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Destiny Colon: Finding Purpose in A World of “What If?”

“Life is what happens to you while you’re busy making other plans.”

Oddly enough, I find the phrase, “everything happens for a reason,” to be sort of confusing.

This comforting line is used to find reason in some of the most disappointing events that occur in our lives.

At a high-point in my gymnastics career, I had a case of the “twisties,” something that Simone Biles similarly struggled with through the most recent Olympic Games. This fall resulted in suffering a severe concussion and strained neck. What was the “reason”?

I was a nationally ranked gymnast who planned to create a career out of the sport. So, the injuries I endured that tremendously set me back were for a reason? I quit the sport a few months following my recovery after breaking my ankle. I suffered in silence through middle school and high school questioning my decision and “what could have been”.

I grew up moving between three different states and switching schools so often that high school was the first I attended all the way through, what was the reason for that? I always felt that I had no choice but to always mold to my surroundings and identify with them the best I could.

Alcoholism and drug abuse are not far from home, they are as close to home as they can get. My brother and I have found ourselves in the midst of direct consequences of direct family member’s decisions. What justified that trauma?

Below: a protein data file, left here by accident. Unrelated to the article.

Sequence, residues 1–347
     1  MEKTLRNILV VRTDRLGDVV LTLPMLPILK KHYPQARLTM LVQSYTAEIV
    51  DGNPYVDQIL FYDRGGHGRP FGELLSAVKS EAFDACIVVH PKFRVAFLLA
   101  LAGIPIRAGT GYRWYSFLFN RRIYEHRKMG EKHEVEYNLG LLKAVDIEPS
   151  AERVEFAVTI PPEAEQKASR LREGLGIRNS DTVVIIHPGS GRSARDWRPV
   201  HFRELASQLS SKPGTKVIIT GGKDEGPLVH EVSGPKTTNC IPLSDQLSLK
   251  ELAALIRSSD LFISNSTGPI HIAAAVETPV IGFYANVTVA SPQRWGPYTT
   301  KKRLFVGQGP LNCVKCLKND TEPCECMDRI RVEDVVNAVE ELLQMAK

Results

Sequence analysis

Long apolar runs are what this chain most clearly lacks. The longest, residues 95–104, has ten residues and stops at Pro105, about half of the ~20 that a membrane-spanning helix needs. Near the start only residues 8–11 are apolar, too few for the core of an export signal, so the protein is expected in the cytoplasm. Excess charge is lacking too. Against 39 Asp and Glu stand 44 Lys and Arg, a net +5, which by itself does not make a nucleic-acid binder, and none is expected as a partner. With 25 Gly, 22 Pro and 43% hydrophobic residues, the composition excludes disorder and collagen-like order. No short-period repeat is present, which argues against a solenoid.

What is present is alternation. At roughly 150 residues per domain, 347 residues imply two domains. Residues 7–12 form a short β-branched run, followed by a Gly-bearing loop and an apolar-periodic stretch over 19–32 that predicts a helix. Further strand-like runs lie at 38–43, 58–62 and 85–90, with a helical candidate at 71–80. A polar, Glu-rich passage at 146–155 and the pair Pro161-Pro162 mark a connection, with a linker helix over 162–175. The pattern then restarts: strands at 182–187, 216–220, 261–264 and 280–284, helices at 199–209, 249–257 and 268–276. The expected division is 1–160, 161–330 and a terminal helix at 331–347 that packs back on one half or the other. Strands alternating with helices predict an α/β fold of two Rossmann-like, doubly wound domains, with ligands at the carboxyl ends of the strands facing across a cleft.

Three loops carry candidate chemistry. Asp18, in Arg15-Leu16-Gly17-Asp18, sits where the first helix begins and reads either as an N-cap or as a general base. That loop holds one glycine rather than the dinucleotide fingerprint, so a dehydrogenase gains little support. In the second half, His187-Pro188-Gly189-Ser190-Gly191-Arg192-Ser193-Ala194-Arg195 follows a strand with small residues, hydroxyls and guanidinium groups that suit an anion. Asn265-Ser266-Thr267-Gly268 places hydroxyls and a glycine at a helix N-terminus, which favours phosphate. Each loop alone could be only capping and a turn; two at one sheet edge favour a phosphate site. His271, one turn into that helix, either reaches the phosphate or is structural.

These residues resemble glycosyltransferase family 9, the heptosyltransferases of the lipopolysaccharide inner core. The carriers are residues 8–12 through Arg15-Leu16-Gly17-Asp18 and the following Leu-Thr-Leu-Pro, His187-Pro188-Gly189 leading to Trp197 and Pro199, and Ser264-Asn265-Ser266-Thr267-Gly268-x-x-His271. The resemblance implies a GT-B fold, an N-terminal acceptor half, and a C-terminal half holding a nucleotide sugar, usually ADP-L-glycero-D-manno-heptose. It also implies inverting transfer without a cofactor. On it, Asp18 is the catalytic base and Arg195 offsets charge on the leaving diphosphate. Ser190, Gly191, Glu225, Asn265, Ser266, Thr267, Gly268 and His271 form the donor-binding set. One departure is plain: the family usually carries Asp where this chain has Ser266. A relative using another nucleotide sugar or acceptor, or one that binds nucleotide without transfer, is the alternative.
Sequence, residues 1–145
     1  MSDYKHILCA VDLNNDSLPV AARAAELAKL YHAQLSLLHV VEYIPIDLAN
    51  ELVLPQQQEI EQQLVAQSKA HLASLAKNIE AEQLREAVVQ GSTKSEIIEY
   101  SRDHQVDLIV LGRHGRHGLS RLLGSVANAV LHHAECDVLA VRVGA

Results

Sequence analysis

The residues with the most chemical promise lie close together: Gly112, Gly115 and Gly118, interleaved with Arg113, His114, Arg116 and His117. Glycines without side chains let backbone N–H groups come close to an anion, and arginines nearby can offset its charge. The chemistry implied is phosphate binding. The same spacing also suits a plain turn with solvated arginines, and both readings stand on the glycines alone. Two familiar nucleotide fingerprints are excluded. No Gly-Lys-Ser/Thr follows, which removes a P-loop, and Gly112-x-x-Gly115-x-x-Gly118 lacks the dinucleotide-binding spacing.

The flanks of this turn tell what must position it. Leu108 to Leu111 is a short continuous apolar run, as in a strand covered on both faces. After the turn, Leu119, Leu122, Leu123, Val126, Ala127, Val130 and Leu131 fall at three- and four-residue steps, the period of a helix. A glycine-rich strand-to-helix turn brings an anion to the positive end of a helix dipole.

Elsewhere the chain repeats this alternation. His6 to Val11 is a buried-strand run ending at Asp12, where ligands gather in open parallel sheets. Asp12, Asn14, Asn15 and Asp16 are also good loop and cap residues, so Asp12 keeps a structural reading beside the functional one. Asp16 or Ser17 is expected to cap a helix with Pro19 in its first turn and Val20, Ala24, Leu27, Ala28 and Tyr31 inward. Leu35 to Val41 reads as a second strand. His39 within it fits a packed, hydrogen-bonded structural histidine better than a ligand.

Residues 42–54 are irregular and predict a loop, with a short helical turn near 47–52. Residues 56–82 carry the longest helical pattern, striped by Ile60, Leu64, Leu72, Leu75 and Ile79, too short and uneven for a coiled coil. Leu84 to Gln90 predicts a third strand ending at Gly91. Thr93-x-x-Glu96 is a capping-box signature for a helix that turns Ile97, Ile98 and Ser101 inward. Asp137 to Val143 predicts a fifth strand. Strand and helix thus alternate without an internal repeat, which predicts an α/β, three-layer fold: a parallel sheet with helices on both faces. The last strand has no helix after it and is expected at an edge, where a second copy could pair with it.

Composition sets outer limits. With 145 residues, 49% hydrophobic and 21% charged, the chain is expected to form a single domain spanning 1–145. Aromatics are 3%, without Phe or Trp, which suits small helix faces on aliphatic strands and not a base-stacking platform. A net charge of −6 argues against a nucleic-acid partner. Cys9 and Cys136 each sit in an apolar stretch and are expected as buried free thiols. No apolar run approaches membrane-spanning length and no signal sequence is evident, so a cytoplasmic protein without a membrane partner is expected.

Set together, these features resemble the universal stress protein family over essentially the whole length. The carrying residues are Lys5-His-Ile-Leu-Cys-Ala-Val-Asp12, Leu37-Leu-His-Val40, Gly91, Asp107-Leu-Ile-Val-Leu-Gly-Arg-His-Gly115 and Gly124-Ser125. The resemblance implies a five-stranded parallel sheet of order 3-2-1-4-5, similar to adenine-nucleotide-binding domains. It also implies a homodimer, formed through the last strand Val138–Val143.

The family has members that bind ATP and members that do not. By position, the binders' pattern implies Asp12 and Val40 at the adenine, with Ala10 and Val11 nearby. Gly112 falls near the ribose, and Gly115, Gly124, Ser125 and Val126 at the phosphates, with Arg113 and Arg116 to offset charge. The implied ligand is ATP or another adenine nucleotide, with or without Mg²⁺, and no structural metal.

It took me a long time to come to terms with the fact that I have been diagnosed with anxiety, depression, PTSD, have been prescribed heavy medication and attend weekly therapy. At the time I felt weak. I was used to coping in silence and only channeling emotions through succeeding in my sport. What collegiate student-athlete has this many problems? I isolated myself. I thought I had no one to turn to.

I remember driving home from the psychiatrist’s office the day I was properly diagnosed, hysterically questioning my purpose in life. What if my purpose really is to go through the uncertain motions of daily life and give up anything I can to meet the expectations of others?

For the past twenty-two years, change has always been expected within any ounce of uncertainty. To me, the reason was that a negative consequence comes after every positive intention.

I am always waiting for something to happen.

The reason for that being to live my life through a world of “what ifs”? What if I never got hurt, would I be a world-class decorated gymnast? What if I always had one place to say I “am from,” would I feel that I have a true identity? What if addiction was not passed down through generations, would I still be afraid of becoming an addict? Would I be living a better life if I chose the other options I had in life? Would I be happier if I did not feel like I had to be strong 24/7? Would I finally be satisfied with where I am now in this journey of life?

For as long as I can remember, I have functioned constantly worrying about making the right decisions for myself, and questioning what I have in the past. This has caused me to live my life cataloging my shortcomings to explain why I never chose the other option(s) when I had the decision.

At thirteen when I quit the sport I had been most passionate about, never did I see myself playing lacrosse in college. So, I for sure never thought about making a decision to transfer schools for that matter. A year ago, I would have said the same about entering the portal.